Category Archives: Hooray Fiction!

10 New Books You’ll Want to Give (and Get) This Christmas

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1. Game Changers: The Unsung Heroines of Sports History by Molly Schiot

This big, beautiful, illustrated hardcover offers profiles and portraits of pioneering women in sports history. Based on the Instagram account @TheUnsungHeroes, Game Changers is a dramatic record of people who shattered their glass ceilings.

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2. Carry This Book by Abbi Jacobson

One of the stars of Broad City has a secret talent: drawing the imaginary contents of famous people’s personal bags. Ever wondered what Oprah carries in her purse? Abbi has some ideas. Continue reading

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Would You Like Some Pho With Your ‘Murderous Rage’?

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“We will live!”—the last line, italics and all, of Viet Thanh Nguyen’s 2016 Pulitzer Prize-winning novel The Sympathizer—is a full-throated cry for the world’s 100 million Vietnamese people, who are still largely unheard more than forty years after the end of their catastrophic war. With his new non-fiction essay collection, Nothing Ever Dies: Vietnam and the Memory of War, Nguyen expands and elevates the Vietnamese experience to challenge the economic and political order of the world (yes, the world) and the U.S. “war machine” that he believes maintains it.

That machine encompasses not only American government and weapons makers but also their “ministry of misinformation,” Hollywood. Racist, mostly white-controlled American corporations and the people who work for them also benefit and thus perpetuate the structure. “We are all implicated, not just soldiers but a lot of people in suits and dresses,” Nguyen says in an interview.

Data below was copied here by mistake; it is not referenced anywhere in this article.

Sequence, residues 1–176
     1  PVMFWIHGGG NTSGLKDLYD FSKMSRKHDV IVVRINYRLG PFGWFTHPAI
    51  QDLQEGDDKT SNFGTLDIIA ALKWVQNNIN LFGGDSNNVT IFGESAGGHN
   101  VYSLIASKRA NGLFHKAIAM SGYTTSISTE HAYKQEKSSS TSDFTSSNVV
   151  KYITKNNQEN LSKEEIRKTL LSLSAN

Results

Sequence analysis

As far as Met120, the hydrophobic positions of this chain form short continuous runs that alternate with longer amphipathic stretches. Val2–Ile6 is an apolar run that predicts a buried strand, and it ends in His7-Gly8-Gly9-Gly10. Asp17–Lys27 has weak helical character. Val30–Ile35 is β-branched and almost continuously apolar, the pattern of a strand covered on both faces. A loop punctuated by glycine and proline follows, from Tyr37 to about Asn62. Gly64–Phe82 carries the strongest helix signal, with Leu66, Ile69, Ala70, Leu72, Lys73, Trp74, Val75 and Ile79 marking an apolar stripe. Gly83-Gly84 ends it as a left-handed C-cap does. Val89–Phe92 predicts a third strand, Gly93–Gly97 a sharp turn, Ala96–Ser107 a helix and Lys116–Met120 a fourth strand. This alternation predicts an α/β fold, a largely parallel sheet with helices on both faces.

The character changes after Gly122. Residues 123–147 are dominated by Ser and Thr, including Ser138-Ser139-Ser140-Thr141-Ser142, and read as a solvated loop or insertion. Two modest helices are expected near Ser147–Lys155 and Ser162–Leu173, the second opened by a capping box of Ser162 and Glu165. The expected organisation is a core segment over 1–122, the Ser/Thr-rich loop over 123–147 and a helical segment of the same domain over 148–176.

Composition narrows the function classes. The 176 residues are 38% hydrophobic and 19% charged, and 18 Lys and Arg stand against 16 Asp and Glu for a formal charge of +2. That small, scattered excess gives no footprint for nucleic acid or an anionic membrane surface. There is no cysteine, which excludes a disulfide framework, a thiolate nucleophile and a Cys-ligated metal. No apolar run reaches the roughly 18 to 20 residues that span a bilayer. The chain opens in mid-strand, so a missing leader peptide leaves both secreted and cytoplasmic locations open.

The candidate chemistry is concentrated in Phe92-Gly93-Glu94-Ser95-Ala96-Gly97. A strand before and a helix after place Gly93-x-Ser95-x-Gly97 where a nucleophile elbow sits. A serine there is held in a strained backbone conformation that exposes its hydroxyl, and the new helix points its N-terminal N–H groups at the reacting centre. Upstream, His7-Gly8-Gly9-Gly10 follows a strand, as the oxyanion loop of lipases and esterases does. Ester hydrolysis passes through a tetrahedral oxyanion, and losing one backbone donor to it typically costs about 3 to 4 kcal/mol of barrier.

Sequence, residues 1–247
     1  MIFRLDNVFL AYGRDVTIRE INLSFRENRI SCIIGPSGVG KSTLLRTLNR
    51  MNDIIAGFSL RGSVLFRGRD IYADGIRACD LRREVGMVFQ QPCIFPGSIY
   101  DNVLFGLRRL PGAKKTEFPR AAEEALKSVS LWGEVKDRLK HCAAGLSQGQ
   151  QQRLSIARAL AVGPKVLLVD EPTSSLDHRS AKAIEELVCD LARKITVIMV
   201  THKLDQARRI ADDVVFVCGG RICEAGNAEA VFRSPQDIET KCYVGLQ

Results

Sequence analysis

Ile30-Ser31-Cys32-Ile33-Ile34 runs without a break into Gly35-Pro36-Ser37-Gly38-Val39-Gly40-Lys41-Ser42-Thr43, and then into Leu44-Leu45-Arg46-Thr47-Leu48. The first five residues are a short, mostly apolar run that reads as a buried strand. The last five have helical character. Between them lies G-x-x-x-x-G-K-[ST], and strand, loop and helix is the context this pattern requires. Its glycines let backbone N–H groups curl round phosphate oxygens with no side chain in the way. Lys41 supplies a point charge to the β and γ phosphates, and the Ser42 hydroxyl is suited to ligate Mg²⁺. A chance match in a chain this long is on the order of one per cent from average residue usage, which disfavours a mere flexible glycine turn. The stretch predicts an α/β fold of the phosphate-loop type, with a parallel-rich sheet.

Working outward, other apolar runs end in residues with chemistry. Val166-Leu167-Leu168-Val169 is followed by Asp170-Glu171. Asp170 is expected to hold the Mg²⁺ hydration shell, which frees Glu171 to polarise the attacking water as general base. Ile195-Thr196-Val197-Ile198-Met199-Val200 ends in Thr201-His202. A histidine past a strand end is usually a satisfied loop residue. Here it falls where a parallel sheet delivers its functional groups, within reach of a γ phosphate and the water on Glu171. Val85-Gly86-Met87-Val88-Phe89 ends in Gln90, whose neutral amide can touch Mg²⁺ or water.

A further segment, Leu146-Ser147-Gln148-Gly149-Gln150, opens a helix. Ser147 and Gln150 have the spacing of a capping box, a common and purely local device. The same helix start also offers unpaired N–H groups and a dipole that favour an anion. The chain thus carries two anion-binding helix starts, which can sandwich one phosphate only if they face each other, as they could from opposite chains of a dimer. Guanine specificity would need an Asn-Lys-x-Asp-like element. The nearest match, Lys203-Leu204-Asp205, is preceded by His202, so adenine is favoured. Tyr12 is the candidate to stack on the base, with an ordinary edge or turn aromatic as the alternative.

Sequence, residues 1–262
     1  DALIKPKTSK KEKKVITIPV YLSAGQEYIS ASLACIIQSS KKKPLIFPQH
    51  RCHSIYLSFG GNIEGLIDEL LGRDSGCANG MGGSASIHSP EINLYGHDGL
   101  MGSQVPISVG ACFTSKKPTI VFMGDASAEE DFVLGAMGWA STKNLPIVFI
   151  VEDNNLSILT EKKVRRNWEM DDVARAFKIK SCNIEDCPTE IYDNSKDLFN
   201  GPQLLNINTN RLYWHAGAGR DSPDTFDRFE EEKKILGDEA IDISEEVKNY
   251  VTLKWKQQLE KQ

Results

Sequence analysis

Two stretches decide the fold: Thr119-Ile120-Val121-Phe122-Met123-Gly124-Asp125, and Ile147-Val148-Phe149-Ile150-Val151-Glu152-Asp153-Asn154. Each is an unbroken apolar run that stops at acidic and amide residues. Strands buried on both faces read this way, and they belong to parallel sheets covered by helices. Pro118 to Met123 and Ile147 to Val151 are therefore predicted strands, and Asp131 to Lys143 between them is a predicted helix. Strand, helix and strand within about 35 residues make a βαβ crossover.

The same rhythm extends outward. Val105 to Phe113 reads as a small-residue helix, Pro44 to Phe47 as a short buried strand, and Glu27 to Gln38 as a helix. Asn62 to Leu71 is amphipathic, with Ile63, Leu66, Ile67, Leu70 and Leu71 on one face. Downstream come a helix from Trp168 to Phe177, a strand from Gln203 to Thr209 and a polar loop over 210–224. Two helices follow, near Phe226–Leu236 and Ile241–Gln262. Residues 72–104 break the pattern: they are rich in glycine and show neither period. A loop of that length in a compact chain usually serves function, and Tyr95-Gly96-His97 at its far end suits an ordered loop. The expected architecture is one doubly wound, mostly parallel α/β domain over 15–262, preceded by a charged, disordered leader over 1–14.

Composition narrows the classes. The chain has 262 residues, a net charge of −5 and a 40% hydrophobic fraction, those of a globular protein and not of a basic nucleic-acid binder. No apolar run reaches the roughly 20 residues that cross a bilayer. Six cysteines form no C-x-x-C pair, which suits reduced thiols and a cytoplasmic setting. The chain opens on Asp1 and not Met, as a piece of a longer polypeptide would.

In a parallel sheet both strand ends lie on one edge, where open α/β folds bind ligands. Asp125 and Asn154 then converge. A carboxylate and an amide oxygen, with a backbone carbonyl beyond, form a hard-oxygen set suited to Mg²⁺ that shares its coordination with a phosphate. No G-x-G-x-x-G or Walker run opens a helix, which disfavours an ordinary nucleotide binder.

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HOT TAKES: Bob Dylan wins the Nobel Prize for Literature

When it comes to the awarding of something so prestigious as the Nobel Prize for Literature, there is no better source of commentary and reaction than Twitter. Here are the hottest takes on the hottest award of the year:

There was lots of speculation on who might win this year. Dylan was a longshot, to say the least. As one of the most comprehensive analyses of the field put it, “Bob Dylan 100 percent is not going to win. Stop saying Bob Dylan should win the Nobel Prize.”

But the answer my friend, came in from Sweden. The answer came in from Sweden:

Dylan was recognized for “new poetic expressions within the great American song tradition.”

Some speculated on other contenders:  Continue reading

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PIECE BY PIECE: Clothed, Female Figure by Kirstin Allio

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We asked Kirstin Allio to introduce us to her short story collection–one piece at a time.

Millennium

The windows of the apartment were waxy, and had been painted shut in another era. If you pressed yourself against the interior-facing glass you could see, as if at the bottom of a secret well, a murky courtyard where a few scorched houseplants had been left for the wife of the doorman… I theorized that the millennium was like the Wizard of Oz—the moment before he reveals himself from behind the curtain.

Clothed, Female Figure